(interception of resp. incoming and outgoing control messages)


   The downstream LSR (LSRd) sends a control message to the upstream LSR
   (LSRu). In the case that incoming control messages are intercepted
   and the MPLS module in LSRu decides to establish an LSP it will send
   an LDP bind (upstream mode) or an LDP bind request (downstream on
   demand mode) to LSRd.

   Currently, we can identify two important types of control messages:
   the multicast routing messages and the resource reservation messages.


5.1.2. Multicast routing messages

   In principle, this mechanism can only be used by IP multicast routing
   protocols which use explicit signaling: e.g. the Join messages in
   PIM-SM or CBT.  Remark that DVMRP and PIM-DM can be adapted to
   support this type of trigger [FARI], however, at the cost of
   modifying the IP multicast routing protocol itself !

   IP multicast routing messages can create both hard states (e.g. CBT
   Join + CBT Join-Ack) and soft states (e.g. PIM-SM Joins are sent
   periodically).  The latter generates more control traffic for tree
   maintenance and thus requires more processing in the MPLS module.

   Triggers based on the multicast routing protocol messages have the
   disadvantage that the routing calculations performed by the multicast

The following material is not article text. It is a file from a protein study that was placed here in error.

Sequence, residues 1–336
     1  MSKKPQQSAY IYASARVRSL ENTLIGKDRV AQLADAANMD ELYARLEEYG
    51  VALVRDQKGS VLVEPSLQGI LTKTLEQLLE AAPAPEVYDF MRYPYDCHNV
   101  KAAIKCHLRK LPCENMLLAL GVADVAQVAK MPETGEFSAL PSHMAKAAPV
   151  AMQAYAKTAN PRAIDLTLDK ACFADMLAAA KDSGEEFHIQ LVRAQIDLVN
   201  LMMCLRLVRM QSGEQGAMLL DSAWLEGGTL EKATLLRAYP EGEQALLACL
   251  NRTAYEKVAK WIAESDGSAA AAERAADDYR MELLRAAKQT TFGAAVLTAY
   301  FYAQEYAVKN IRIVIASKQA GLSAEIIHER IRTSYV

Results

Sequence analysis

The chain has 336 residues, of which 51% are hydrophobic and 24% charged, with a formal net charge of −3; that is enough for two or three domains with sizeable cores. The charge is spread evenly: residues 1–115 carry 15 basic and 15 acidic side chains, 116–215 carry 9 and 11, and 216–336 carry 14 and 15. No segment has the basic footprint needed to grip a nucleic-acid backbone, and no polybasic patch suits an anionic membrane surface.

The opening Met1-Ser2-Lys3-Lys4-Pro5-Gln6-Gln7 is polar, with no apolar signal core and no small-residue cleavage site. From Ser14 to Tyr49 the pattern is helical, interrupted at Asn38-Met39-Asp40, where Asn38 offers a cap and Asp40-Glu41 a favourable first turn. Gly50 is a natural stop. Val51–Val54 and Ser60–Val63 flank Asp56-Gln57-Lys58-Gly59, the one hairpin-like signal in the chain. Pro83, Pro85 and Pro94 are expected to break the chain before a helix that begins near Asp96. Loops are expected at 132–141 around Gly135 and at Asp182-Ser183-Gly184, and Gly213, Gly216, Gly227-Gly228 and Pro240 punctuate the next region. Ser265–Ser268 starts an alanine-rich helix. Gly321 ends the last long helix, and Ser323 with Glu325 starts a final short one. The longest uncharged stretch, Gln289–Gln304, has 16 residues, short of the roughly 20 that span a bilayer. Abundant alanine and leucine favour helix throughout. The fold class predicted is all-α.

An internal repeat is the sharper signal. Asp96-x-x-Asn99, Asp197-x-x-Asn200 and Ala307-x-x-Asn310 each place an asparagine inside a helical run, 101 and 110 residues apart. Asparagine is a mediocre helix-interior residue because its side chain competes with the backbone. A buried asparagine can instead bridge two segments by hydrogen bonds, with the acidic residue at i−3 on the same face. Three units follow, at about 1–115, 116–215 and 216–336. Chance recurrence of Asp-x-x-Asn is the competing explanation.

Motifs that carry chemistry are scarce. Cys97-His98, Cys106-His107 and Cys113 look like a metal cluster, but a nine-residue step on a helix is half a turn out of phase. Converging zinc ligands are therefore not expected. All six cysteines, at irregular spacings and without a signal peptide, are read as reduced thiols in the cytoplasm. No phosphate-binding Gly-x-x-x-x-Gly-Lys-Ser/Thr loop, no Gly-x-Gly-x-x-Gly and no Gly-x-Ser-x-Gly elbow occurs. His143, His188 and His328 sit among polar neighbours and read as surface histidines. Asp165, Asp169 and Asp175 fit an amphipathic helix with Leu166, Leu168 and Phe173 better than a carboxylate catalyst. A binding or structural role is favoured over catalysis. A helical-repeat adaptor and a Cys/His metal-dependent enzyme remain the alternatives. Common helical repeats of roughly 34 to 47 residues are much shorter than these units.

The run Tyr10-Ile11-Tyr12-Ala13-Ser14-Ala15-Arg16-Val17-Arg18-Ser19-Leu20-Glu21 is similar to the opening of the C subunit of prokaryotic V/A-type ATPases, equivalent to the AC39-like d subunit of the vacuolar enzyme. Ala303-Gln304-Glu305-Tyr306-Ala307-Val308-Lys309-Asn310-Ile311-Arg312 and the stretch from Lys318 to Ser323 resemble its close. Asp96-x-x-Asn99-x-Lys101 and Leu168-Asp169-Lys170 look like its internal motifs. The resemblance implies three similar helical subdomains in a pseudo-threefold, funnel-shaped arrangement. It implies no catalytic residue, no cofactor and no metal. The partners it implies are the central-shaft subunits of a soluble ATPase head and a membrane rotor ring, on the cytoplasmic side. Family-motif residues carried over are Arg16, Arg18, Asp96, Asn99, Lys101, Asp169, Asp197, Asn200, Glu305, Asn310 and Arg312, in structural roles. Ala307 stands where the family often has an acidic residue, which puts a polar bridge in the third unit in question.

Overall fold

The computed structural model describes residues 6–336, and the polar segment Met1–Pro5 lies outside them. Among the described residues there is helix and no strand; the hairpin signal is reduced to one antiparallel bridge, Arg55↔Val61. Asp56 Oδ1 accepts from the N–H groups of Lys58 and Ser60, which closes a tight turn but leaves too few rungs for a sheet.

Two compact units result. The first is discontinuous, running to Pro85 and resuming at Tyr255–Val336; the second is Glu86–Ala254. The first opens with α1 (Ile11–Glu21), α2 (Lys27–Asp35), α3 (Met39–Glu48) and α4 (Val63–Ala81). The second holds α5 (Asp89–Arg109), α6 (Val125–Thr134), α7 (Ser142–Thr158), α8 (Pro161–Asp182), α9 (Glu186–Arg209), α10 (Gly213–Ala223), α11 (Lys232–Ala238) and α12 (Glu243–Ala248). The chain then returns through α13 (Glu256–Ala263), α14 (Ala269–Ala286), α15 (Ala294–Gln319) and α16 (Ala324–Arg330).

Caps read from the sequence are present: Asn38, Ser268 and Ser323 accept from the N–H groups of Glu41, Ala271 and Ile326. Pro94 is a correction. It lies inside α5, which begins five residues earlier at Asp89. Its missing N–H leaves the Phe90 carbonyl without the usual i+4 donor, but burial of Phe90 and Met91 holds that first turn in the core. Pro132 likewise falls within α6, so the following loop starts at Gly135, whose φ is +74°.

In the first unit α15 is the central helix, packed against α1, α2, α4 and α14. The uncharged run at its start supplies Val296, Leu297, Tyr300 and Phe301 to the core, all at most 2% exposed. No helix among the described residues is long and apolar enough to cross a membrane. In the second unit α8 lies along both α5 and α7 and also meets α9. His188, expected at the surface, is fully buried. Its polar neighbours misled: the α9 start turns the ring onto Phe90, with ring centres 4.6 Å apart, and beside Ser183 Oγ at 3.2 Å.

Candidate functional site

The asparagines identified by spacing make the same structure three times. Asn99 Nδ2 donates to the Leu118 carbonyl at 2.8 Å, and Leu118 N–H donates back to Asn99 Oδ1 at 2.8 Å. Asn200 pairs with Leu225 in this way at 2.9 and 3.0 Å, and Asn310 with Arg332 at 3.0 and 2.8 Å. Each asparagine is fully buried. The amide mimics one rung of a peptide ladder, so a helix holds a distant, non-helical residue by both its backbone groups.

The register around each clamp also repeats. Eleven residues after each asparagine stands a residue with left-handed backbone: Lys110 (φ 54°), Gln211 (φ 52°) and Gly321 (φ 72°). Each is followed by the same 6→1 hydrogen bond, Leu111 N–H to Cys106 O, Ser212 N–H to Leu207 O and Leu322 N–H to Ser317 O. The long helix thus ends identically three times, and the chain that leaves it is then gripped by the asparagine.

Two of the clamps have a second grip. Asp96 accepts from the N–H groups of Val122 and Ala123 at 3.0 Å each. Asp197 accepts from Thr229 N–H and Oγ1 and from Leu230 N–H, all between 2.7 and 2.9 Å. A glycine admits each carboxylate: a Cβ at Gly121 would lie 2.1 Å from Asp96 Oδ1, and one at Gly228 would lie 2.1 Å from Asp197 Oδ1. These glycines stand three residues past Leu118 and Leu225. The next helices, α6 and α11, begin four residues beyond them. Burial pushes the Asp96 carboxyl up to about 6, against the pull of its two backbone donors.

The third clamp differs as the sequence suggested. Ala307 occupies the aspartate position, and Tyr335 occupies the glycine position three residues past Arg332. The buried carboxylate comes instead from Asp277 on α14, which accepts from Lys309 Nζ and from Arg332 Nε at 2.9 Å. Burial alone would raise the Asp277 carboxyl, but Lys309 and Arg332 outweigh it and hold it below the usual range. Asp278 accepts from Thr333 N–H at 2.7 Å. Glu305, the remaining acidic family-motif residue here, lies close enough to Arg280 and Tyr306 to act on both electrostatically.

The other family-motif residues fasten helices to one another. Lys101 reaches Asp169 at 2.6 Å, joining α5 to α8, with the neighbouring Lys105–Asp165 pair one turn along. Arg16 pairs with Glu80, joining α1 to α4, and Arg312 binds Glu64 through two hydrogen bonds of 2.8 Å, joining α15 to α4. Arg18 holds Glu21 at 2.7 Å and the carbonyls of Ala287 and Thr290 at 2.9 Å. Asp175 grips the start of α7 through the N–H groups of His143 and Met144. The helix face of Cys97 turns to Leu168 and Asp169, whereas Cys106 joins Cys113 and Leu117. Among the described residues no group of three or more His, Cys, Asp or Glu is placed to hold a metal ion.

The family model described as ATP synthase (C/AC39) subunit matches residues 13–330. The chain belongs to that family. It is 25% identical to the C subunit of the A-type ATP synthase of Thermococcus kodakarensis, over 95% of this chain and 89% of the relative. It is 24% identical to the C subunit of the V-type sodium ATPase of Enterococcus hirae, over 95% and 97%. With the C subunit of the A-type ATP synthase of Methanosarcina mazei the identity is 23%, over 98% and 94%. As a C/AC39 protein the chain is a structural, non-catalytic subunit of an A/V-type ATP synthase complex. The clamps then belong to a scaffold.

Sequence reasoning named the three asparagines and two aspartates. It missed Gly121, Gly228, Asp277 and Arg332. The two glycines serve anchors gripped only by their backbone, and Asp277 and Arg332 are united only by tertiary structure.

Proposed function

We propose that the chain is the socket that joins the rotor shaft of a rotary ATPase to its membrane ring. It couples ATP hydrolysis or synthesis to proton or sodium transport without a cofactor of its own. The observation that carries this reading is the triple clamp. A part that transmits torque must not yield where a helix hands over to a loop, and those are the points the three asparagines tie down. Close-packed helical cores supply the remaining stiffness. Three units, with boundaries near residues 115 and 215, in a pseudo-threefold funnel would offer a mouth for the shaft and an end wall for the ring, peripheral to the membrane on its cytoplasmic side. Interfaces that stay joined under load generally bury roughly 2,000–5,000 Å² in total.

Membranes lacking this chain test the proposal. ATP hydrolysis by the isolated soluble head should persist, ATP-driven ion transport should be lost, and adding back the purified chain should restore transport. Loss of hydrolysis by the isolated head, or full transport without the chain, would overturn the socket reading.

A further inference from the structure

routing daemon to determine the Multicast Routing Table are repeated
   by the MPLS module. The former determines the tree that will be used
   at L3, the latter calculates an identical tree to be used by L2.
   Since the same task is performed twice, it is better to create the



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   multicast LSP on the basis of information extracted from the
   Multicast Routing Table itself (see section 5.2 and 5.3).  The
   routing calculations become more complex for protocols which support
   a switch-over from a (*, G) tree to a (S, G) tree because more
   messages have to be interpreted.

   When a host has a point-to-point connection to the first router one
   could create  'LSPs up to the end-user' by intercepting not only the
   multicast routing messages but the IGMP Join/Prune messages ([FENN])
   as well.


5.1.3. Resource reservation messages

   As is the case for unicast the RSVP Resv message can be used as a
   trigger to establish LSPs.  A source of a multicast group will send
   an RSVP Path message down the tree, the receivers can then reply with
   an RSVP Resv message.  RSVP scales equally well for multicast as it
   does for unicast because:

   a) RSVP Resv messages can merge.

   b) RSVP Resv messages are only sent up to the first branch which made
   the required reservation.

   More on RSVP in the sections on Piggy-backing (section 7) and QoS
   (section 9).


5.2. Topology driven